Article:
Global research institute McKinsey & Company has analyzed current energy storage prices and concludes that commercial businesses are getting the economic benefits of cheaper batteries and recent price falls in lithium-ion technology. With battery-pack costs now down to less than $230/kilowatt-hour (vs $1,000/kWh in 2010) storage demand is on the rise across Europe, Asia and the North America. Storage is now playing a more central role in energy markets, moving from niche uses such as grid balancing to becoming a viable alternative to conventional power generators, and a stable support act for renewable energy. More and more commercial businesses are exploring the idea of solar+storage to allow them to consume power on demand and export excess electricity to the electric grid. McKinsey believes that in a matter of years both households and business will be able to pair solar+storage with a small electrical generator and be independent of the grid. McKinsey noted that in advanced storage markets such as Hawaii and Australia. solar+storage customers are managing their energy needs for about 80-90% of the time, but staying connected to the grid in order to have that 24/7 access. The research firm believes this trend is soon going to happen in the US states of Arizona, California, Nevada and New York.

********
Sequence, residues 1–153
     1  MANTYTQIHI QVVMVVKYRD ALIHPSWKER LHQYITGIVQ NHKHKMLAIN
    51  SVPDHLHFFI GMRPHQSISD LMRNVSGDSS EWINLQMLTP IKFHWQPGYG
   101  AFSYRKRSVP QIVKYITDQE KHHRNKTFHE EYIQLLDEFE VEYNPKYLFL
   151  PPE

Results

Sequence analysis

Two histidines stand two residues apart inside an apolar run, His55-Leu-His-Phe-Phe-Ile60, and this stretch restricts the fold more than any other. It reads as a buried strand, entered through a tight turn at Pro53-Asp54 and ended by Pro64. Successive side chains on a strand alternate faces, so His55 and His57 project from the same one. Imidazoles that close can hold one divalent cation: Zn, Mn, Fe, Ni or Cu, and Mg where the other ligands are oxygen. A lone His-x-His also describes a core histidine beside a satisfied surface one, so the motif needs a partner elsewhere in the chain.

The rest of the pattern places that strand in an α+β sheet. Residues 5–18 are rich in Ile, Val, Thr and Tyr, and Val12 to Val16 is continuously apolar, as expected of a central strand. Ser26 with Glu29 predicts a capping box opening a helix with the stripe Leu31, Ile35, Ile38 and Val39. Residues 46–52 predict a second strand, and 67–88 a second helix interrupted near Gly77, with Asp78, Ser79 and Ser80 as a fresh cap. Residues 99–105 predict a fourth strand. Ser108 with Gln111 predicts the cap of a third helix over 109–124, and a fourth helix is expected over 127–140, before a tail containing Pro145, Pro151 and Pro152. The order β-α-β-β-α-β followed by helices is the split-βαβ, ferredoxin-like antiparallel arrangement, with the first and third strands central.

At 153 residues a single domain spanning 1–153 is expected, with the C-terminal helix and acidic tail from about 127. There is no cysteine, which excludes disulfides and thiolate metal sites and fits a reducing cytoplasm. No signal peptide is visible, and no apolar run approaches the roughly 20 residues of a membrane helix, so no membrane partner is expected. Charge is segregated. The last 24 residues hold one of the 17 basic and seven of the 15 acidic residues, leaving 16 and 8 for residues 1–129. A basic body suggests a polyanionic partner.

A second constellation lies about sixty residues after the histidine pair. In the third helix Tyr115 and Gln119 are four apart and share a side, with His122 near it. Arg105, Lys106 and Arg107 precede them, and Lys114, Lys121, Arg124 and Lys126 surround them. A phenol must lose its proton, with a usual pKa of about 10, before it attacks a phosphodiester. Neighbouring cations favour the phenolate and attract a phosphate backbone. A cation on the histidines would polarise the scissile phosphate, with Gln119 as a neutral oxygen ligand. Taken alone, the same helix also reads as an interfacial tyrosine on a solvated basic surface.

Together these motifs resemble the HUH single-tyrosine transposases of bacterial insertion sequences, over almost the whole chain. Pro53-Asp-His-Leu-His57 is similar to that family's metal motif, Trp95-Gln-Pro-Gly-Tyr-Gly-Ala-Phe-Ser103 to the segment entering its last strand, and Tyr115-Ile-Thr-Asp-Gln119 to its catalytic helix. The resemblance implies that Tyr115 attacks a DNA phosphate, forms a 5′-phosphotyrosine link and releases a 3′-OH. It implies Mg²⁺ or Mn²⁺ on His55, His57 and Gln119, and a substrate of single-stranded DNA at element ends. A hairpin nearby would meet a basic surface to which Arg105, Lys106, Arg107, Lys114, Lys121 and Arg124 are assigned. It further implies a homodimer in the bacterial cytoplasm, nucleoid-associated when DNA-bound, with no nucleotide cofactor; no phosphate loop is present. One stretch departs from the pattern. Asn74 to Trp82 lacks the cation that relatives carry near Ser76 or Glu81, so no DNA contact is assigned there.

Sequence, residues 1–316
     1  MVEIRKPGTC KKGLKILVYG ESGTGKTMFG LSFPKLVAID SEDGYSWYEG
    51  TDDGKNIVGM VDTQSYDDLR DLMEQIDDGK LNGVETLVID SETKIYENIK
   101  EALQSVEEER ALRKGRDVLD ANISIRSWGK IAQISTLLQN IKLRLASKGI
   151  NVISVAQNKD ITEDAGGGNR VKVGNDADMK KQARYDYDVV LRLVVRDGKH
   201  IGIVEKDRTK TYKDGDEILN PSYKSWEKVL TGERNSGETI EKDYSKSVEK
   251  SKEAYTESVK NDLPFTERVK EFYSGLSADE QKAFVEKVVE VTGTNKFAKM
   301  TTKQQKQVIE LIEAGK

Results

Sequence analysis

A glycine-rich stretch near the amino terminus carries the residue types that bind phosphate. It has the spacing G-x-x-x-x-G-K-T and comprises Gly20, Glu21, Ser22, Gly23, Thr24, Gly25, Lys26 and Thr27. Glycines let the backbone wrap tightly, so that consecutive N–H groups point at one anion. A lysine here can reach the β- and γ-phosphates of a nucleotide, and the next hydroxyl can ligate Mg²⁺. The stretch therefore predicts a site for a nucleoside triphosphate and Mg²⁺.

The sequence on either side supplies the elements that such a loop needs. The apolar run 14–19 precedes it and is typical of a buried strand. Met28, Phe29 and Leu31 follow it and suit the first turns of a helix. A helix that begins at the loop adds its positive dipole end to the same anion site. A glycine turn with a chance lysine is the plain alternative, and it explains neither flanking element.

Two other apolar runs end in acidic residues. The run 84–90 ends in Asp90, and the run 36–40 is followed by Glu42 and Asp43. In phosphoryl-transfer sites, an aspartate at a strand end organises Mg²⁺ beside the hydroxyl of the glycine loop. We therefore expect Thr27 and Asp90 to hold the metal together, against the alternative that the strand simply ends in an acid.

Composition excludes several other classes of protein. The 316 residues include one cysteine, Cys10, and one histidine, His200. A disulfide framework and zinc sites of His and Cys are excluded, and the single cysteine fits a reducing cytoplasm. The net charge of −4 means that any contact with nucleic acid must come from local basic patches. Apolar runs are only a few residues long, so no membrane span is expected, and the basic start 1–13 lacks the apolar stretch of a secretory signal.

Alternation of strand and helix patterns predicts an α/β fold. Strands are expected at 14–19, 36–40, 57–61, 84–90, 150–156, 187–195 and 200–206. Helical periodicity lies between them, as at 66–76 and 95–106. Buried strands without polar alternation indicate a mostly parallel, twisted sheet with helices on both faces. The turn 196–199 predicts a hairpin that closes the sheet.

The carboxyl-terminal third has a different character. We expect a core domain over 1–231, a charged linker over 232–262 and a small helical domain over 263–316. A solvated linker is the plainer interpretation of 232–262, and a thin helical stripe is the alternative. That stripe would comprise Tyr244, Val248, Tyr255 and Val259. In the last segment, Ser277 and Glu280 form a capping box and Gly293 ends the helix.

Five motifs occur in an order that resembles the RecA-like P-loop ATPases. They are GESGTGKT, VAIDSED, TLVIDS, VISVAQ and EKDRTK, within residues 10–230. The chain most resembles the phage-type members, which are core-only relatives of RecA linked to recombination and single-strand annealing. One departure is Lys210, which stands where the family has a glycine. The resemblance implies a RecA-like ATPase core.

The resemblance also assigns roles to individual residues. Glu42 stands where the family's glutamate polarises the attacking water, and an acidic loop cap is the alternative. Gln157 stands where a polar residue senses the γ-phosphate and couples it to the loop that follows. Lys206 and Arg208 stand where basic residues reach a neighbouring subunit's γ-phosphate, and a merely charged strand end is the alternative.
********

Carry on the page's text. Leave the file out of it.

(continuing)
Last September, an epic storm damaged critical power infrastructure in the Australian state of South Australia, causing a state-wide blackout and leaving 1.7 million residents without electricity. Further blackouts occurred in the heat of the Australian summer this year. South Australia is heavily dependent on renewable energy for its power, with wind accounting for almost half of its electricity generation. In response to the crisis, the South Australian Government called for expressions of interest to deploy grid-scale energy storage options with at least 100 megawatts (MW) of capacity. 91 firms bid for the opportunity to provide large scale energy storage facilities and the winner, Tesla, was chosen this week. Tesla will provide a 100 MW/129 megawatt-hour system to be paired with a wind farm near Jamestown, South Australia. Wind will charge the Tesla Powerpack during off peak hours which will then deliver electricity during peak hours to the South Australian grid. Once completed in December of this year, this system will be the largest lithium-ion battery storage project in the world and is designed to provide enough power for more than 30,000 homes, approximately equal to the amount of homes that lost power during the blackout period. The world will be watching to see how successful this project is as abundant energy storage is going to be necessary if the world is to become heavily reliant on wind and solar energy.

According to the Australian Broadcasting Corporation, Tesla’s bid said it would install the energy storage system in South Australia within 100 days of signing a contract or the storage system will be free. The cost of installation is expected to run to A$50 million or more depending upon what is included as part of the installation costs.